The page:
Migration is over…why go birding?

Drew Weber|

I hear this often; complaints about migration being over, talk of there being no reason to get out early in the mornings, and having to wait for the fall to do any good birding. I say this is ridiculous. While migration does offer a spectacular pulse of new birds and at a higher concentration than out of the birding season, it is birding during the breeding season that can really teach you a lot about birds, their favorite habitats and the variety of vocalizations that they give.

While a morning of birding a migrant hotspot might teach you which species spend their time at different levels of the understory and canopy, finding those same species as breeders can help you figure out why Blackburnian Warblers are always so high in the tree tops and Mourning Warblers are always skulking in the undergrowth. You begin to spot areas that look good for a species based on where you have found them breeding in the past, and soon begin to key in on the other species that are found in that same habitat. Learning habitat associations is a great way to find more birds on a big day and expand your knowledge.

Birding during the breeding season also teaches you to closely watch bird behavior. When a Black-throated Blue Warbler flies in close to the path and seems to be checking you out, there is a good chance that somewhere nearby is its mate, sitting patiently on the nest. If you can stay still and quiet for a long enough time, you might even get to see it fly off to the nest, disappearing into a rhododendron which a big juicy green inchworm.

The breeding season is also a great time to look for raptors. There are all sorts of interesting behaviors going on, from hawks bringing back freshly killed birds and small mammals to the nest, to young Barred Owls and Great Horned Owls that are starting to explore their surroundings and hopping around to different trees. More easy to find would be Bald Eagle and Osprey nests.

The bird behavior you seen in the summer is useful! You can record many types of breeding evidence in eBird, from possible breeding behavior like observing a pair of birds together, or confirming breeding activity by seeing a bird on a nest, or baby birds. While there is no way to currently view all the breeding activity that users submit to eBird, it will eventually be something everyone will be able to access…sort of like an ongoing breeding bird atlas. Go out and find a new breeding species for your county!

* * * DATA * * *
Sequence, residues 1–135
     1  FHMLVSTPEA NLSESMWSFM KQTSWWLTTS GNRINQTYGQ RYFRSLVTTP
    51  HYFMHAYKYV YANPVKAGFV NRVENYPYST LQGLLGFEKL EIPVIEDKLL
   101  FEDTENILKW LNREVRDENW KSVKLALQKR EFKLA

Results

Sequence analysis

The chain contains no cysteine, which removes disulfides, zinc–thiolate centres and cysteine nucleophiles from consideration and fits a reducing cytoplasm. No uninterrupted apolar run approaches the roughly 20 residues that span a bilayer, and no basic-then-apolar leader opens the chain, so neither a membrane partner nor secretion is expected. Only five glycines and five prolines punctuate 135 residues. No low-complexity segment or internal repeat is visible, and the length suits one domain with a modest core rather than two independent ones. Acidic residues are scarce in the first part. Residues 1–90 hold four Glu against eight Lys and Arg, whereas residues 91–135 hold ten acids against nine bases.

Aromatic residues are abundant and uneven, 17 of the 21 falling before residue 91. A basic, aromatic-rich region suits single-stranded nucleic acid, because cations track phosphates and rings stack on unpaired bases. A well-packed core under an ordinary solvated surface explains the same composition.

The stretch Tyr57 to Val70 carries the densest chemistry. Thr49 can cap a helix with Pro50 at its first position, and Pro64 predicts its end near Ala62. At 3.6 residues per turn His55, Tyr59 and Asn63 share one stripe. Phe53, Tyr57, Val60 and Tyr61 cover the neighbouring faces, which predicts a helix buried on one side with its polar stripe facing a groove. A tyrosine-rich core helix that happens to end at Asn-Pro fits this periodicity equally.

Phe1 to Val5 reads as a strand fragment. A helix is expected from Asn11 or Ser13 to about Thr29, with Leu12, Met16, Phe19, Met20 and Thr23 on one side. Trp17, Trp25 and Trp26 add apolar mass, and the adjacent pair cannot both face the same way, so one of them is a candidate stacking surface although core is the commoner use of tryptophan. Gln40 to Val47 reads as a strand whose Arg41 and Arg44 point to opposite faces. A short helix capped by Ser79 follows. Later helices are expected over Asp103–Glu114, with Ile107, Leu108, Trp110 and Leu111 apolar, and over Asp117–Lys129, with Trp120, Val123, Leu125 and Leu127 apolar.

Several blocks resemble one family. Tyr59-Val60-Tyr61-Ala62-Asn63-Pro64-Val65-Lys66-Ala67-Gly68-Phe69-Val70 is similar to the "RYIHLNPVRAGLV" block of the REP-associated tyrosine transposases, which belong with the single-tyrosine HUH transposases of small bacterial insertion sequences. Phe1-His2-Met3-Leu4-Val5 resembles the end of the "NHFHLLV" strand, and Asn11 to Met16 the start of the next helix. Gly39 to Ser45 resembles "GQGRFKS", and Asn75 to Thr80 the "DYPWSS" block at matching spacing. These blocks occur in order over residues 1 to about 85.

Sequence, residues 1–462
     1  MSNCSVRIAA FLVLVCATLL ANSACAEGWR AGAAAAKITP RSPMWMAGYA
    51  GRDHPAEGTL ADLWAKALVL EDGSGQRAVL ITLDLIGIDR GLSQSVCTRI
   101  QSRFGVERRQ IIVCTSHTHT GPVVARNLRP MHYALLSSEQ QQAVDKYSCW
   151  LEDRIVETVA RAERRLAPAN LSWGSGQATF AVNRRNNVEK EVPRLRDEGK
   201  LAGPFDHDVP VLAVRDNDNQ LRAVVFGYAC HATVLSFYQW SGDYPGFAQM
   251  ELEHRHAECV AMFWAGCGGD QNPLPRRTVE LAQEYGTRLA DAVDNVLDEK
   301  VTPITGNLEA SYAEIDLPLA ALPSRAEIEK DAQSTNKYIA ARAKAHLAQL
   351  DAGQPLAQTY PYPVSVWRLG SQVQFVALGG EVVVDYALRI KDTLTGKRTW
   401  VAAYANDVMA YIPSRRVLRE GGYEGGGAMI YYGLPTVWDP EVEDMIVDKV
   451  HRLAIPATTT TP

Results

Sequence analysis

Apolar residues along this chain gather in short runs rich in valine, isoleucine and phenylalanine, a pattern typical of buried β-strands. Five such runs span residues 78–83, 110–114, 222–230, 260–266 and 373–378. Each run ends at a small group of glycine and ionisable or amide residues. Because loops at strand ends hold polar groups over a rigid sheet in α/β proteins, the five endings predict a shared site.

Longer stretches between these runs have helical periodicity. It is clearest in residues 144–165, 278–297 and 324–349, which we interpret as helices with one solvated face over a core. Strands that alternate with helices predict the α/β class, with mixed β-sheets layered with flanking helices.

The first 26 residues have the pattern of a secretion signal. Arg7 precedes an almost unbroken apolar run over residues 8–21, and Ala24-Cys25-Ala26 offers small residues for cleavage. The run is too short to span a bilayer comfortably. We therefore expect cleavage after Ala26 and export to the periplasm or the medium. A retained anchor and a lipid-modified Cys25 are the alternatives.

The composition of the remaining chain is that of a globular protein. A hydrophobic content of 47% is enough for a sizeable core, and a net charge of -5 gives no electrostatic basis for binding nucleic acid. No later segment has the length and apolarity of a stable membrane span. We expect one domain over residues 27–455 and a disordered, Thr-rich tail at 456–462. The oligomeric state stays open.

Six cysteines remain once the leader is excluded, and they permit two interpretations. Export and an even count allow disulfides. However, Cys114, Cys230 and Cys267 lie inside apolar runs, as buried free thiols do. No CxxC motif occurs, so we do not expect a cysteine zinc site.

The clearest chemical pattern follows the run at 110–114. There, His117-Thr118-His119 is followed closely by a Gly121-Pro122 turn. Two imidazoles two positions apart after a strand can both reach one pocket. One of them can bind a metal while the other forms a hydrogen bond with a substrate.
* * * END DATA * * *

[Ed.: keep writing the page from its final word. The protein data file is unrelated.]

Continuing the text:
So I urge you, don’t slow down on birding now that there are no masses of warblers coming through. Get out to some interesting habitats and see what you can find. Record all that breeding activity and submit it to eBird. Read up at home about a species preferred habitats, and then go out and try to find some new spots where they might be breeding. Look at range maps to see which birds typically breed just north or south of your region, and then see if you can find a spot where they are breeding near you. There are all sorts of fun things to do between migration seasons!

What drives you to get out in the summer?

About the Author

Drew Weber


Drew is the founder and editor of Nemesis Bird and now works to curate some of the best content the web has to offer on birding and ornithology from an energetic crew of ornithologists, field researchers, tour leaders and photographers. Drew is originally from PA but now lives in central New York where he is enjoying the long and snowy winters. He has done various bird jobs including bird surveys for the 2nd PA Breeding Bird Atlas, tracked saw-whet owls from dusk to dawn with Scott Weidensaul and counted hawks for several years for Hawk Mountain Sanctuary. Drew is an avid lister, especially on smaller scales, and enjoys adding new birds to county, state and life lists. He also enjoys digiscoping and making apps for birders. He is Project Coordinator for the Merlin Project at the Cornell Lab of Ornithology. He is also project manager for the North American Rare Bird Alert.